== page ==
SETsquared Bristol Case Study – Gapsquare: Using technology and data to create the future of fair pay
To help our aspiring entrepreneurs and future SETsquared Bristol members, we are showcasing a number of case studies demonstrating the breadth of tech at SETsquared Bristol and what it takes to achieve success.
We had a chat with Gapsquare CEO, Dr Zara Nanu…
What does Gapsquare do?
Gapsquare is creating the future of fair pay. We develop cloud based software as a service, that large companies can use to look at their payroll and HR data and understand how they can pay their employees more fairly, or if they have any gaps in relation to gender pay, ethnicity pay, executive pay or equal pay, as well as pay compensation and reward.
Gapsquare Fairpay™ is a piece of software where companies upload their payroll and HR data and can instantly get insights about what their pay gaps are, why the gaps are there, what specific departments or age groups or employee characteristics drive the gaps most, and then they can take more data driven decisions to narrow the gap.
They can use it as many times as they want throughout the year to see how they can make progress, how things change, to check how any changes they make in reward and compensation would have an impact on the gap, or if there is anything within their reward systems that is having a big impact, and how they can use that data and tech to narrow the gap.
What do you think are the biggest barriers towards closing gender and ethnicity pay gaps?
One of the barriers is the political and emotional issue around gender pay and ethnicity pay. There are a lot of people in organisations getting into debates around whether they should do quotas and targets, whether this results in discrimination against certain employees and what overall impact it has on current teams. Sometimes this whole debate creates a stalemate and lack of action around addressing these issues.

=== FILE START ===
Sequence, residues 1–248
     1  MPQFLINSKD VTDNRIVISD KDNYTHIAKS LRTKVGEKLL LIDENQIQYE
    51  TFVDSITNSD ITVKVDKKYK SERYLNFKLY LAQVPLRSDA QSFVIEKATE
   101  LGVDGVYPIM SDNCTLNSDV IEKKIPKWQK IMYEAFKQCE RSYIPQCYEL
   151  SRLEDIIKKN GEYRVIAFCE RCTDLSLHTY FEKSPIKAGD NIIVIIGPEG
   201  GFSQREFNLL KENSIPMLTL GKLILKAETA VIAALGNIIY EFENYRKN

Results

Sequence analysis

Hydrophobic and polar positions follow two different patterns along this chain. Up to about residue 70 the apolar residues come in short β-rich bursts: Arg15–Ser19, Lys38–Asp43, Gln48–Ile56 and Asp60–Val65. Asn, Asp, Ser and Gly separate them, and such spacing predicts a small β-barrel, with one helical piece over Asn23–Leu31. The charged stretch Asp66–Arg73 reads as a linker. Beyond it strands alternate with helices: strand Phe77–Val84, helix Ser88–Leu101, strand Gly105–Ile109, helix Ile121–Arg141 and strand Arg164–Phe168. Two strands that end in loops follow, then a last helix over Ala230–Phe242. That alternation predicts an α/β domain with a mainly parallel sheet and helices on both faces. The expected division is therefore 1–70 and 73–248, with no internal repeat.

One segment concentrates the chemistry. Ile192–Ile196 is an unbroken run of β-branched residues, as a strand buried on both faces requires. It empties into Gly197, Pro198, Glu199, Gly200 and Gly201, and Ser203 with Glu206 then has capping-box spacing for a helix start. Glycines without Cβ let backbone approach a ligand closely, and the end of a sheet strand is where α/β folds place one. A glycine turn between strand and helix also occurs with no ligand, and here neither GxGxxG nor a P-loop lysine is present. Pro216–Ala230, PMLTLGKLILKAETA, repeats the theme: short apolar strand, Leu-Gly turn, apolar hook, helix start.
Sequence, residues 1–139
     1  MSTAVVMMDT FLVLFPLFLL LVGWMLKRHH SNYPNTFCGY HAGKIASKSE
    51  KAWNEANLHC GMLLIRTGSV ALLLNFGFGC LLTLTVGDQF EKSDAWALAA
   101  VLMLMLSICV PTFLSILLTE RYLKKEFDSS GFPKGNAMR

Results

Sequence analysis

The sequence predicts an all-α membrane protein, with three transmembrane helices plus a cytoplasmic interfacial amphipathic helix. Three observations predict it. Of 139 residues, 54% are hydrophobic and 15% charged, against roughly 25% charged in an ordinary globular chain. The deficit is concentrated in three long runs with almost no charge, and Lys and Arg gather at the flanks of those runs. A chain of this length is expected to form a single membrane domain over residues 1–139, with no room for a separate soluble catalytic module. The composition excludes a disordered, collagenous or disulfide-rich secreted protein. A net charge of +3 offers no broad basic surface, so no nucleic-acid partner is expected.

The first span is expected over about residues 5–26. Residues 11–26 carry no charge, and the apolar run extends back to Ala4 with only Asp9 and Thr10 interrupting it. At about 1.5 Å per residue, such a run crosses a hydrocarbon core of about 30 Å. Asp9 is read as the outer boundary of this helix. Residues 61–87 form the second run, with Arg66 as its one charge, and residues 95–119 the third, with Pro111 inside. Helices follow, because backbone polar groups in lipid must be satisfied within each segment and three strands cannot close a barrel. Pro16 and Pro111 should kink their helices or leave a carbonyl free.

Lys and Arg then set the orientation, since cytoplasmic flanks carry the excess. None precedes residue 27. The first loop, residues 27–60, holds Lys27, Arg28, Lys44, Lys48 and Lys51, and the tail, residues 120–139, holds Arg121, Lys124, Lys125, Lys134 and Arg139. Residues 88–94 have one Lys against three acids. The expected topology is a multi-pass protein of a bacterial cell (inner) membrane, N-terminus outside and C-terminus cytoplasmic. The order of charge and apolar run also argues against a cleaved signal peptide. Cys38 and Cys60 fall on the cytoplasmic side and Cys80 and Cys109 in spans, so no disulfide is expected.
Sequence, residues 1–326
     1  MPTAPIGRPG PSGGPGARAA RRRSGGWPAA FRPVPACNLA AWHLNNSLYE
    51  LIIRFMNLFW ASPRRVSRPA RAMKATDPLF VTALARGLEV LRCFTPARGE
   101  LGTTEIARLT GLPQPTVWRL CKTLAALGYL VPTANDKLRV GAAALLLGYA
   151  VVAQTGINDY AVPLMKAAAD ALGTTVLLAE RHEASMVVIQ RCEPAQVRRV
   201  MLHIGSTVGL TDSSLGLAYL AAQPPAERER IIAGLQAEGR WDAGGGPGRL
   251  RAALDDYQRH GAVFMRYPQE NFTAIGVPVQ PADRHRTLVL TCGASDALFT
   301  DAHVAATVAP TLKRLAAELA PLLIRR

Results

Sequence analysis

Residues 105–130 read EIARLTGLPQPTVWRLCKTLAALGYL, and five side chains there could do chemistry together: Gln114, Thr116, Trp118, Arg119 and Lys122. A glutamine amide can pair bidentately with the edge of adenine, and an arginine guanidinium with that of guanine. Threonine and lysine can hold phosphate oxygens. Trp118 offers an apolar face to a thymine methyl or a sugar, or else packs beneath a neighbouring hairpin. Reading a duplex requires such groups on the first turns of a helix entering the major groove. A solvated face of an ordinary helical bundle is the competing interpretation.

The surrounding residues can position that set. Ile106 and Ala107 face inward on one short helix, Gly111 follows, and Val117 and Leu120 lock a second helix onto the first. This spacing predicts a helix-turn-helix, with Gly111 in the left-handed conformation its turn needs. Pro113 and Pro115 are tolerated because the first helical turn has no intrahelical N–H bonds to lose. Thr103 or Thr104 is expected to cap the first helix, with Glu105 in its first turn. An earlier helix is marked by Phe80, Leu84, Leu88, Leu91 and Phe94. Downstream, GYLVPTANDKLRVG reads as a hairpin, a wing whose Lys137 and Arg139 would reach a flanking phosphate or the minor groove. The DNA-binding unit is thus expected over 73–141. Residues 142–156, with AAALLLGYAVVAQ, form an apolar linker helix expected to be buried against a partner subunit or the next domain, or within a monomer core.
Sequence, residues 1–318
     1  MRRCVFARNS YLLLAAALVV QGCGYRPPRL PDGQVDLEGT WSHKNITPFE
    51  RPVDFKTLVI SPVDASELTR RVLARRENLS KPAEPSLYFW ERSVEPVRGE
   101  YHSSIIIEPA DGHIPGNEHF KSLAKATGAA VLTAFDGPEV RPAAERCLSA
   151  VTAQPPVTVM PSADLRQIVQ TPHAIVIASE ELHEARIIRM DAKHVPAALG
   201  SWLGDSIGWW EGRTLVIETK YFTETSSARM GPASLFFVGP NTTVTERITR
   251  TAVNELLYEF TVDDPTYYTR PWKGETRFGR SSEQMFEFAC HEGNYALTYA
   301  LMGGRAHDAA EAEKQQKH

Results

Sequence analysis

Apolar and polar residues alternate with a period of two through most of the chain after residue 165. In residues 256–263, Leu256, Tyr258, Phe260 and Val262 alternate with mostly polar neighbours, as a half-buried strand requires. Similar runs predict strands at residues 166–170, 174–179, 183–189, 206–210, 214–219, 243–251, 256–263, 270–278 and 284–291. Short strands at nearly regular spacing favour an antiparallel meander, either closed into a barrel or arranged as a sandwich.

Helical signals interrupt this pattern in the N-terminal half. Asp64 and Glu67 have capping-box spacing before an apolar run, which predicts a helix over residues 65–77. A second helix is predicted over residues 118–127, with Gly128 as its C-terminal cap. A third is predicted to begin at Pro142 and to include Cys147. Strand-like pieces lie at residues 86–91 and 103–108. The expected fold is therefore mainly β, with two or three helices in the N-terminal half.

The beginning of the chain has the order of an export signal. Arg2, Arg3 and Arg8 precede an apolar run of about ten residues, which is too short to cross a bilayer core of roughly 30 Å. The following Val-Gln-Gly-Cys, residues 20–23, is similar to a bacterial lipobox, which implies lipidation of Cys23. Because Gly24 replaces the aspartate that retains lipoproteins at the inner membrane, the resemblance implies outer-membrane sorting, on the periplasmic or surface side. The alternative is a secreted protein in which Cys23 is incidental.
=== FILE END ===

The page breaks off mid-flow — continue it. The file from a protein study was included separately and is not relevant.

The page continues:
We found that once our customers start focusing on the data, they can move past the political and the emotional, into a space where actually, it’s the data-driven management software that helps to get into a position to get rid of pay inequality and disparity. A lot of the reward managers and HR managers we talk to, think about closing the gender and ethnicity pay gaps as a mountain, whereas the data allows them to see this one step at a time, so it becomes more manageable and more doable.
Then there are issues that are beyond what a company can address: societal issues and understandings about occupational segregation, about parenting roles, and about women’s roles in society. But at the same time, we see Gapsquare’s role in that as a kind of aggregator of the insights that we find from companies, and we can feed them back into policy making, stakeholders, the government equalities office, and other projects that address stereotypes. Only if we act collaboratively and holistically can we actually address this issue and then influence wider movements.
What clients have you worked with?
The way we work is that companies buy licences that they use on an annual basis. It’s a self-use piece of software – we really believe in it being self-use as it puts decision making in the hands of people within the organisation. They then own the results of the data and the processes they are putting in place to make changes. Our customers include: London Metropolitan Police, The London Mayor’s Office, International Data Corporation, Condé Nast, Serco, Osborne Clarke, Business West and SETsquared alumnus Ultrahaptics. We have over 150 customers, with companies in New Zealand, Europe and the US, but the UK is the largest geography at the moment. Some international organisations use it across different countries.
How did Gapsquare begin?
My Co-Founder, Ion Suruceanu, and I started Gapsquare four years ago. I’m originally from Moldova and he was there doing software development, but wanted to do something around machine learning and artificial intelligence, and I was looking at ways in which we could create a solution around the gender pay gap that would be scalable globally and fast. I didn’t want to offer consultancy, because consultancy is not scalable, whereas tech actually offers the opportunity to scale a solution quickly.
Who else in your team?